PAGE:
Steroid eardrum injection cuts dizziness in Meniere’s disease
Injections of the steroid methylprednisolone through the eardrum are as effective as the current standard treatment of gentamicin in reducing dizziness in patients with Meniere’s disease but without the associated risk of hearing loss, showed a double blind trial of 60 patients reported in the Lancet. Patients treated with methylprednisolone showed a 90% reduction in the mean number of attacks from 16.4 to 1.6, and those treated with gentamicin showed an 87% reduction in attacks from 19.9 to 2.5. (doi:10.1136/bmj.i6185)
Thiazide diuretic may protect against fracture
The thiazide diuretic chlorthalidone was associated with a 21% lower risk of hip and pelvic fracture than amlodipine or lisinopril, a randomised trial with over 22 000 participants found. The authors concluded, “The present results of short term and long term fracture protection with thiazide antihypertensive therapy compared with other antihypertensive drugs strongly recommends use of a thiazide for hypertension treatment in addition to its long track record of cardiovascular protection.” (doi:10.1136/bmj.i6263)
Discount allows NICE to approve breast cancer drug
The National Institute for Health and Care Excellence (NICE) approved pertuzumab for NHS patients with breast cancer after agreeing a discounted price with the manufacturer Roche, having previously rejected the drug. Draft guidance recommends pertuzumab in combination with trastuzumab and docetaxel to shrink HER2 positive locally advanced tumours before surgery. NICE noted evidence that adding pertuzumab to neoadjuvant treatment helped get rid of breast cancer in the breast and lymph nodes, but it was uncertain whether this cut the risk of cancer returning or improved long term survival. It also recently approved eribulin (by Eisai) and everolimus (Novartis) for breast cancer after agreeing discounts with manufacturers.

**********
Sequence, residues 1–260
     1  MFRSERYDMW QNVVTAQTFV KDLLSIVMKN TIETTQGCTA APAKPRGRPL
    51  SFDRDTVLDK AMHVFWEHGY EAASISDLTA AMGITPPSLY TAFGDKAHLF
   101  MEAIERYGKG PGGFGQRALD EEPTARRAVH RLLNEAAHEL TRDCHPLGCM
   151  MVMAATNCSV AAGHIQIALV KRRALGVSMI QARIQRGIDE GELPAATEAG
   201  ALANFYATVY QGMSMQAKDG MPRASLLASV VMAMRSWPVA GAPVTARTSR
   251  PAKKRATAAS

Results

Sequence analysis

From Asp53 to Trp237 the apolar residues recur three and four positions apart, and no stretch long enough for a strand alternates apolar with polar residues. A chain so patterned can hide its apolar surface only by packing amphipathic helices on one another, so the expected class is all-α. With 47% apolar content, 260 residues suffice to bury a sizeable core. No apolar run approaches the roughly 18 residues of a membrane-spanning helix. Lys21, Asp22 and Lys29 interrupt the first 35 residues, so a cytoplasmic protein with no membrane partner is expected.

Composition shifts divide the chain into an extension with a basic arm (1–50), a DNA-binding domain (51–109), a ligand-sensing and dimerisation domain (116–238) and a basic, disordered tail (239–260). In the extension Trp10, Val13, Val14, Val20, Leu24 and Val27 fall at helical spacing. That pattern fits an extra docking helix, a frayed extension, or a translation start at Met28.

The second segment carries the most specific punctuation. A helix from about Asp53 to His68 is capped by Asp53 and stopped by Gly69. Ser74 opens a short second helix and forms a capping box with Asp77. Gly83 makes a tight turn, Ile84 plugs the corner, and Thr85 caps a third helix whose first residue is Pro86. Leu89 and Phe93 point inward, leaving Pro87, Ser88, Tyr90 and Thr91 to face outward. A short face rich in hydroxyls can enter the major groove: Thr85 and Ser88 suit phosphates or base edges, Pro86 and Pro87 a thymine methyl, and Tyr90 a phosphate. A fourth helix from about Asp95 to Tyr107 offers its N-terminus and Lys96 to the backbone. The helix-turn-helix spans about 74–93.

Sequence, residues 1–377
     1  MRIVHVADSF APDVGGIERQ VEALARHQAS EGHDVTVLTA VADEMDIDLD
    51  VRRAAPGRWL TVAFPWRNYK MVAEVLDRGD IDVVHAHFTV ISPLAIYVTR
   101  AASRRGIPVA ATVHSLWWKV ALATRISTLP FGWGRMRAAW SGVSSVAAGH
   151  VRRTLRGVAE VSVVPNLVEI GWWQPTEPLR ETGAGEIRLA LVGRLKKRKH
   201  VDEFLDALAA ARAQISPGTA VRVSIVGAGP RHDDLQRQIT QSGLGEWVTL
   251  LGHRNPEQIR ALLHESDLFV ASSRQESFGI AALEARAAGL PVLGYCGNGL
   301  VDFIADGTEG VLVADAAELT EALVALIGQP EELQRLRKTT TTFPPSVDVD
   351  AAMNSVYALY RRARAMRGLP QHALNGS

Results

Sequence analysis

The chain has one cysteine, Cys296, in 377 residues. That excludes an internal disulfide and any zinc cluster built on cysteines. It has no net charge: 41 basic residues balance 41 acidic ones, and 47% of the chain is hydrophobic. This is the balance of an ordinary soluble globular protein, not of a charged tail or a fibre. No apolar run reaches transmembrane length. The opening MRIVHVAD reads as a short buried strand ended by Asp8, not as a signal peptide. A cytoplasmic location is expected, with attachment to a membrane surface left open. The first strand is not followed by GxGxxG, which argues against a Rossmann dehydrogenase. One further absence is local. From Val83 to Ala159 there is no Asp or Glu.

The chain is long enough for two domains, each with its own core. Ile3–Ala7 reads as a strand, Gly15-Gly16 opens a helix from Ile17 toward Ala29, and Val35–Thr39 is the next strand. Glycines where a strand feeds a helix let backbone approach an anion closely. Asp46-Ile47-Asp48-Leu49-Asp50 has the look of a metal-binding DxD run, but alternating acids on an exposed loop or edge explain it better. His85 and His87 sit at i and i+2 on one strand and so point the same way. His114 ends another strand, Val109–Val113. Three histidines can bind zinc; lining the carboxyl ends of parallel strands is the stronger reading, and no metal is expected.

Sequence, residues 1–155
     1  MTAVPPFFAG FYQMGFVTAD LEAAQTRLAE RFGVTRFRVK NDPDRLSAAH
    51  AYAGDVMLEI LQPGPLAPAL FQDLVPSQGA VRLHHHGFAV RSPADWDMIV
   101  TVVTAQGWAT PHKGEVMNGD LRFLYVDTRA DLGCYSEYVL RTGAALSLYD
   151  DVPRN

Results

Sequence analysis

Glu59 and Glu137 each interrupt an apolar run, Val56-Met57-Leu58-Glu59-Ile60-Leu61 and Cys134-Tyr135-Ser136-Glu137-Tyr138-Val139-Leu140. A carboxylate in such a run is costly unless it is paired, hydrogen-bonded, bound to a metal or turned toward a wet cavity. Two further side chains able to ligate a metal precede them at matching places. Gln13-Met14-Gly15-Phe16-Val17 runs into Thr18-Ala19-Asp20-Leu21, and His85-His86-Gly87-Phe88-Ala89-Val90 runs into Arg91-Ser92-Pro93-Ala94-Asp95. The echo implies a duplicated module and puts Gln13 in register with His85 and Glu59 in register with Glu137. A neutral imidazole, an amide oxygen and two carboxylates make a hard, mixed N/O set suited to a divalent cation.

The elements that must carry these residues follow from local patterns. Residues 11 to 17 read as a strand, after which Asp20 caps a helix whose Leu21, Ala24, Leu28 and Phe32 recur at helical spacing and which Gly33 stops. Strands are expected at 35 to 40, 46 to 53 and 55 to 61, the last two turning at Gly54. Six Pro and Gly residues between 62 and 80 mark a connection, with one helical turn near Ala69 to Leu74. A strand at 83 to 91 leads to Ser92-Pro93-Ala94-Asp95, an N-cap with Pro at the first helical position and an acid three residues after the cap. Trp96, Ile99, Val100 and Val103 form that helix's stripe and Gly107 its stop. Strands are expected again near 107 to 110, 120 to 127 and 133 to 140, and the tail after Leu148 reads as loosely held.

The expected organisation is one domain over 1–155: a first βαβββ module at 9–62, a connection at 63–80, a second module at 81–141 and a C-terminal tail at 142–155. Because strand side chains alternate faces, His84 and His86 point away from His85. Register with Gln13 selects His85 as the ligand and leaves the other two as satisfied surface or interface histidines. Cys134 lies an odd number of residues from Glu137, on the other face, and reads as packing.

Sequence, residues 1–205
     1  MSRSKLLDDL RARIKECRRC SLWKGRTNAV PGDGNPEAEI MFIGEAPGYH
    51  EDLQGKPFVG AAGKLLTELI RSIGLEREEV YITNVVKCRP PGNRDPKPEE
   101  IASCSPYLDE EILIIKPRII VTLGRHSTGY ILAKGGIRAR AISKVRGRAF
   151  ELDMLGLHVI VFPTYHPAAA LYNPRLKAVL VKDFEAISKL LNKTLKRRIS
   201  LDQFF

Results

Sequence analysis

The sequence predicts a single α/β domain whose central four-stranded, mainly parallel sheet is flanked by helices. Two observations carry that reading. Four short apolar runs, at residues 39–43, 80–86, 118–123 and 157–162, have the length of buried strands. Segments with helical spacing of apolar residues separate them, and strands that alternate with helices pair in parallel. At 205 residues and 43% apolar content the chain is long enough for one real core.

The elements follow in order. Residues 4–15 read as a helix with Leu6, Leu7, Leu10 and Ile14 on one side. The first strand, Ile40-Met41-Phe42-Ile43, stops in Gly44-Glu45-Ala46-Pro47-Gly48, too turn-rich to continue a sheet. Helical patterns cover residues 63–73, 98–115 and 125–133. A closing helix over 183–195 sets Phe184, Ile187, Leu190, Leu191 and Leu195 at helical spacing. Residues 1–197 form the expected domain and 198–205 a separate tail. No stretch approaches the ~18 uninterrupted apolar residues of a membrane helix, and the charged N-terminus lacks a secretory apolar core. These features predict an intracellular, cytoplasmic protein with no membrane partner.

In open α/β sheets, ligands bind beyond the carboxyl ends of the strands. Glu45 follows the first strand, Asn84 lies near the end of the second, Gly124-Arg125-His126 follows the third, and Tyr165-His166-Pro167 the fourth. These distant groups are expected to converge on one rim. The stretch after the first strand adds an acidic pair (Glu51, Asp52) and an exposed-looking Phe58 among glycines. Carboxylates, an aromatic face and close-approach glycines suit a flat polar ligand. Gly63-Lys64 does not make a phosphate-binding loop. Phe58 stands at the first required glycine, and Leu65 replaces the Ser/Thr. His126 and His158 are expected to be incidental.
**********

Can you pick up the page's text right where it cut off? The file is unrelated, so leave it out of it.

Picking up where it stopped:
NICE approves three quarters of cancer fund drugs
Seven of nine treatments that NICE has looked at in the Cancer Drugs Fund have been approved, and the rest are being reappraised. Andrew Dillon, NICE chief executive, said, “Sensible pricing, and in some cases better data, is helping to secure access to important cancer medicines as they move out of the old Cancer Drugs Fund. As reappraised drugs now move to routine commissioning, funding in the CDF can be freed up and used for newer, innovative cancer treatments. This is good news all round for patients.”
Brexit could prompt science “brain drain”
The government must prevent a “brain drain” of scientists from the United Kingdom by exempting them from any tightening of immigration rules, MPs urged. Evidence submitted to the House of Commons Science and Technology Committee’s inquiry into the effect on science and research of the UK’s decision to leave the European Union said that many researchers were “seriously considering” leaving the UK. Ottoline Leyser, of the Royal Society, said that the 31 000 scientists and researchers from the rest of the EU working in the UK were “feeling very anxious and alone.” (doi:10.1136/bmj.i6193)
Scientific research gets £2bn a year boost
The UK government will invest £2bn (€2.36bn; $2.49bn) a year by 2020 In research and development, the prime minister told business leaders on Monday in her first speech to the Confederation of British Industry’s annual conference. Theresa May also announced a review of current research and development tax incentives to ensure the United Kingdom’s global competitiveness as a home for scientists, innovators, and tech investors, as well as a new Industrial Strategy Challenge Fund to back technologies such as robotics and biotechnology.